Keeping Bees Away from Honey? Corruption Cases Expose Flaws in L.A. City’s Land Entitlement Process

Three former Los Angeles public officials share their collective perspective on how best to reform the city of Los Angeles' corrupted land use approval process.

2 minute read

September 8, 2020, 11:00 AM PDT

By Clare Letmon

Los Angeles City Hall

Anton_Ivanov / Shutterstock

Until land use planning in Los Angeles is based on smart public policy, not raw political power, developers will be irresistibly drawn to find ways to influence politicians, lawfully or not. Here, Rick Cole, former city manager of Santa Monica, mayor of Pasadena, and contributing TPR Editor; S. Gail Goldberg, FAICP, former planning director of San Diego and Los Angeles and former executive director of Urban Land Institute Los Angeles; and Bud Ovrum, former deputy mayor for economic development of the city of Los Angeles, former general manager of the Los Angeles Department of Building and Safety, and former CEO of the CRA/LA, share their collective perspective on how best to reform L.A. city's corrupted land use approval process

Instead of a process that demands case-by-case exceptions to outdated zoning codes or superficial knee-jerk reforms—the trio advocate for a comprehensive package of policies that will protect existing residents from slipshod spot zoning and displacement while making room for the next generation to pursue their dreams for a better life.  

"There is no quick and easy fix. Superficial reforms to curb corruption might temporarily quell the outrage -- until the next set of scandals and indictments.  But unless we replace our outdated zoning, we still won’t have affordable housing and workers will still have to endure long commutes to their jobs.  Businesses will still struggle to retain skilled workers who can’t afford to live here.   New residential and commercial building will still be held hostage to convoluted and capricious processes that drive up costs and make us less competitive with other regions.  Neighbors will still have to fight City Hall to stop ill-conceived projects and developers will still find ways to pay to play.  To fail to plan is to plan to fail.

The real fix is to do real planning.  To spend the time and money to plan for adequate new housing and to put new commercial development where it can be served by our expensive investments in public transit.  To involve our diverse communities in a collaborative effort to plan for a more equitable, prosperous, livable and environmentally sustainable Los Angeles.  To ensure that instead of allowing individual projects that make little sense, we plan comprehensively to have adequate schools, parks and transit for new growth.  To protect existing residents not from change, but from slipshod spot zoning and displacement while making room for the next generation to pursue their dreams for a better life."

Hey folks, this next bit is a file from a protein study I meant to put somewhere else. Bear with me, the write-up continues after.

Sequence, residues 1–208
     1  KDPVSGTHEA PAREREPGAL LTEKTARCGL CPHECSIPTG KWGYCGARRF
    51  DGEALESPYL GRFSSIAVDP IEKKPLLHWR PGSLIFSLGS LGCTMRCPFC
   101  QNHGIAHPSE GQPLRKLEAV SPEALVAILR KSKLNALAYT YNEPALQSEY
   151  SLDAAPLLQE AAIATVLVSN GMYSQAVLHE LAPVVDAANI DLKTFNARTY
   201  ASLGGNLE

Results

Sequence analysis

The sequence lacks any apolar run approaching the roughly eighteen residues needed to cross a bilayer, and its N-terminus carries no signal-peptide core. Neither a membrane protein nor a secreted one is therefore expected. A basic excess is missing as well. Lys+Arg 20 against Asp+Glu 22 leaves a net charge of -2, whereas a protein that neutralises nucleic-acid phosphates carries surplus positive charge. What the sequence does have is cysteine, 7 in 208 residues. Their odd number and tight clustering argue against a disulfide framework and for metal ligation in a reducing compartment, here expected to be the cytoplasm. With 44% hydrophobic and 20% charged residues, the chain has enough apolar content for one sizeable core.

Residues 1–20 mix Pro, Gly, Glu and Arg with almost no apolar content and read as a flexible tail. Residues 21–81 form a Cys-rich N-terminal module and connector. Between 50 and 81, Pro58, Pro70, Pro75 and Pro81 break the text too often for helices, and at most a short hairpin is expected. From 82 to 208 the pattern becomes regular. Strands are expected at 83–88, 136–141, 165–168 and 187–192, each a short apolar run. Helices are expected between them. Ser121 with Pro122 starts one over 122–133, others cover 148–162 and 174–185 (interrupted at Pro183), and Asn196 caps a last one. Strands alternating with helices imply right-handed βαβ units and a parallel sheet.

Read the full piece on The Planning Report.

Tuesday, September 8, 2020 in The Planning Report

Aerial view of snowy single-family homes in suburban Long Island, New York

New York Governor Advances Housing Plan Amid Stiff Suburban Opposition

Governor Kathy Hochul’s ambitious proposal to create more housing has once again run into a brick wall of opposition in New York’s enormous suburbs, especially on Long Island. This year, however, the wall may have some cracks.

March 20, 2023 - Mark H. McNulty

Empty parking garage at night with yellow lines marking spots and fluorescent lighting

Rethinking the Role of Parking in the American City

In cities big and small, the tide is turning against sprawling parking lots, car-centric development, and minimum parking mandates.

March 16, 2023 - The New York Times

A futuristic version of New York City, with plants growing neatly on top of modern skycrapers.

Friday Eye Candy: 20 AI-Generated Cityscapes

AI-generated images are creating new landscapes and cityscapes, capable of inspiring awe or fear.

March 17, 2023 - Chris Steins via Medium

"For Rent" sign in yard of red building

Rent Increases Highest for Lowest-Income Households

Renters at the lower end of the spectrum see no relief in sight as rent hikes remain stubbornly high.

1 hour ago - Marketplace

Rendering of Baylor Scott & White Health Administrative Center in Deep Ellum, Dallas, Texas

A Dallas Architect Designs Statement Buildings With a Purpose

The Dallas Morning News’ architecture critic profiles one of the city’s most important current architects.

3 hours ago - The Dallas Morning News

A mountain range at sunset appears in the background of this photo, with cacti in the foreground.

Biden Designates a New National Monument in West Texas

The Castner Range National Monument in West Texas is the second of two new national monuments announced by President Joe Biden this week.

5 hours ago - The White House

New Updates on PD&R Edge

HUD's Office of Policy Development and Research

HUD’s 2023 Innovative Housing Showcase

HUD's Office of Policy Development and Research

Urban Design for Planners 1: Software Tools

This six-course series explores essential urban design concepts using open source software and equips planners with the tools they need to participate fully in the urban design process.

Planning for Universal Design

Learn the tools for implementing Universal Design in planning regulations.